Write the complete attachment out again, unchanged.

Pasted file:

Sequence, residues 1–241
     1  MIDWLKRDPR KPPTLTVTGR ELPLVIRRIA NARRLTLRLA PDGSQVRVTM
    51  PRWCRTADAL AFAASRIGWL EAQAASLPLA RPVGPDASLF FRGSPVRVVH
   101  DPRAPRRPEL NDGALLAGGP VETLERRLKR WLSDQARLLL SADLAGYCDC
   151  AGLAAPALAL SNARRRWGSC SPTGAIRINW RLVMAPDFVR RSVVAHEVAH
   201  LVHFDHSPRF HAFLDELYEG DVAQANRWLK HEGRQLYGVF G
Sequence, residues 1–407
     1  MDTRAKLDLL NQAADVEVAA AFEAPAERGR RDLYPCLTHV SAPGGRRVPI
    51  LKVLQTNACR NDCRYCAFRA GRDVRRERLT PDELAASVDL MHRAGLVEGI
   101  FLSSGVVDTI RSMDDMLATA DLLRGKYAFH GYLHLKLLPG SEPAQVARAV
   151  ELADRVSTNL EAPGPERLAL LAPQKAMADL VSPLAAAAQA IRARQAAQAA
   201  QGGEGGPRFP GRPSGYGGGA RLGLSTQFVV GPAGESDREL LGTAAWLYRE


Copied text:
Sequence, residues 1–241
     1  MIDWLKRDPR KPPTLTVTGR ELPLVIRRIA NARRLTLRLA PDGSQVRVTM
    51  PRWCRTADAL AFAASRIGWL EAQAASLPLA RPVGPDASLF FRGSPVRVVH
   101  DPRAPRRPEL NDGALLAGGP VETLERRLKR WLSDQARLLL SADLAGYCDC
   151  AGLAAPALAL SNARRRWGSC SPTGAIRINW RLVMAPDFVR RSVVAHEVAH
   201  LVHFDHSPRF HAFLDELYEG DVAQANRWLK HEGRQLYGVF G
Sequence, residues 1–407
     1  MDTRAKLDLL NQAADVEVAA AFEAPAERGR RDLYPCLTHV SAPGGRRVPI
    51  LKVLQTNACR NDCRYCAFRA GRDVRRERLT PDELAASVDL MHRAGLVEGI
   101  FLSSGVVDTI RSMDDMLATA DLLRGKYAFH GYLHLKLLPG SEPAQVARAV
   151  ELADRVSTNL EAPGPERLAL LAPQKAMADL VSPLAAAAQA IRARQAAQAA
   201  QGGEGGPRFP GRPSGYGGGA RLGLSTQFVV GPAGESDREL LGTAAWLYRE